warming?? even after stabilization of atmospheric CO2 levels may still
represent an additional long-term threat to corals.


Message: 8
Date: Thu, 15 Mar 2007 22:23:02 -0400
From: "Sara Allyn Mavinkurve" <sihaya at gmail.com>
Subject: [Coral-List] scientists are not we should be most worried
To: coral-list at coral.aoml.noaa.gov
	<181a32480703151923v28fbf030ke6beffc8ccdd27b3 at mail.gmail.com>
Content-Type: text/plain; charset=ISO-8859-1; format=flowed

Dear Prof. Kaufman,

In defense of my fellow aquarists, we do prefer to purchase captive
propagated corals (and have come a long way in developing methods for
fragmentation and propagation).   Not only that, but several of my
fellow "hobbyists" (we like to put "hobby" in quotes since it's so
much more than that to most of us), have contributed significantly to
knowledge of captive coral reproduction.  Please take a moment to look
at the DIBS project (www.projectdibs.com/).  You might be impressed.
Dave Lackland, works daily to save the endangered Acropora palmata. He
is both a scientist and an "hobby" aquarist.  At least as much as we
aquarists may be a part of the problem, I believe we can be more a
part of the solution.

I apologize if I seem defensive, but I just wanted to point out that
home aquarists have contributed much more than just awareness.  We
have a unique opportunity that many purely-scientists don't have.  We
have corals in our homes.  We watch them for hours at a time, care and
feed them day in and day out.  We know a lot about corals that, dare I
say, many scientists don't (and vice versa).  We all have a lot we
could teach each other and help each other if we can manage to mend
the wounds and rebuild the bridges.  Again, this is part of my goal
with ASIRA.

Thank you,

P.S.  We don't use halogen lamps... we use metal halide lamps.  ;-)

> Date: Tue, 13 Mar 2007 13:05:09 -0400
> From: Les Kaufman <lesk at bu.edu>
> Subject: [Coral-List] scientists are not we should be most worried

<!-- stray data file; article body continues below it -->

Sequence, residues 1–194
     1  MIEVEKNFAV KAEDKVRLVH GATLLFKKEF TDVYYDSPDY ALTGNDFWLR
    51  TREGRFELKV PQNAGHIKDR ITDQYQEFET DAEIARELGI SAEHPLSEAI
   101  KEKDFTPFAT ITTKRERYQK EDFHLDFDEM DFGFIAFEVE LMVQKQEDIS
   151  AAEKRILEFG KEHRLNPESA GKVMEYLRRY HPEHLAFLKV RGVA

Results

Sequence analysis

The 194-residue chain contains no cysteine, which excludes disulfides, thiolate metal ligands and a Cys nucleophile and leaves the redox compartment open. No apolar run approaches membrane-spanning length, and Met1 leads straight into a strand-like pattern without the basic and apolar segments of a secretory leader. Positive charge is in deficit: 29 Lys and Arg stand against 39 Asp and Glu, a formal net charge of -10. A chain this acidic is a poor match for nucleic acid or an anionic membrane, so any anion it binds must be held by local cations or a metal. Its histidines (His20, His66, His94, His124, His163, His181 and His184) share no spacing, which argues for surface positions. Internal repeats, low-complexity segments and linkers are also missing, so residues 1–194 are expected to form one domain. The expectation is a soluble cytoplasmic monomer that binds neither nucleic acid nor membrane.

>         about
> To: coral-list at coral.aoml.noaa.gov
> Message-ID: <0161A1BA-B119-4514-A8AD-3371870451F0 at bu.edu>
> Content-Type: text/plain;       charset=WINDOWS-1252;   delsp=yes;
>         format=flowed
> Re: the message below, please let us do what we can to maintain a
> perspective on scale, and also to take every opportunity to teach
> about scale to the public.  What responsible scientists may do in
> terms of inflicting harm on reef organisms in the course of learning
> about them, is trivial as compared to what academics along with a
> worldful of their more affluent conspecifics are doing to reefs as
> resource consumers and generators of atmospheric CO2.   Furthermore,
> reef aquarists who purchase from responsible sources are probably
> promoting conservation more than harming reefs...at least until we do
> the math on the CO2 generated in to keep a halogen sun lit half the
> day on each of their reef aquariums.   Then there are playoffs
> between the benefits of an aware, politically active electorate
> versus the costs of these people acquiring their environmental
> concerns and maintaining their disposition towards activism through
> the inspiration provided by their slimy charges.
> The absolute harm inflicted by scientists is hopefully a non-issue,
> but the symbolic harm of a citizen seeing a scientist collect or
> experiment upon corals still deserves attention.  It requires a lot
> of contact with the community of people who live beside a reef to
> succeed in sharing a bigger, more sophisticated picture of those
> factors determining the future of that reef, than the simple,
> superficial sentiments that would knit the observer's brow who
> happens to witness a scientist popping a coral branch tip into a tiny
> vial of alcohol.
> ***
> Jenny and list,
> This may sound silly to some, but how can we coral reef scientists
> pledge
> "not to disturbe, damage or collect corals and other reef organisms"
> when,
> paradoxically, often that is exactly what we have to do to study
> coral reef
> organisms in order to understand how these systems work and to produce
> knowledge useful for their better conservation and management?
> Fernando
> Les Kaufman
> Professor of Biology
> Boston University Marine Program
> and
> Senior PI
> Marine Management Area Science
> Conservation International
> ?I know the human being and fish can coexist peacefully.?
> George W. Bush
> Saginaw, Michigan; September 29, 2000